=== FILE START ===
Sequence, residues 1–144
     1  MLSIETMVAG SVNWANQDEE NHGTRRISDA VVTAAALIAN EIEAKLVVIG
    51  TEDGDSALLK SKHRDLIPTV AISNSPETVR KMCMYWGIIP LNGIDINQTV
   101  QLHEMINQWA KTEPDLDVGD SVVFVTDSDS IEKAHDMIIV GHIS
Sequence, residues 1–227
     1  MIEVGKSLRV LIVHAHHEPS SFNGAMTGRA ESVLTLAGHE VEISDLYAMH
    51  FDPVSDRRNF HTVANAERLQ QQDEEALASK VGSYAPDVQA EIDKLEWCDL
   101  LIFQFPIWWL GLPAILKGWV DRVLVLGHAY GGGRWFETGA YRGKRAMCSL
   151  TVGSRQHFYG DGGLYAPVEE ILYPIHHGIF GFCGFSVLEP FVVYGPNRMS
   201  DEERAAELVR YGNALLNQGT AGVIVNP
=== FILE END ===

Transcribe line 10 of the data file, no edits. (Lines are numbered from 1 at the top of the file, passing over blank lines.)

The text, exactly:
   201  DEERAAELVR YGNALLNQGT AGVIVNP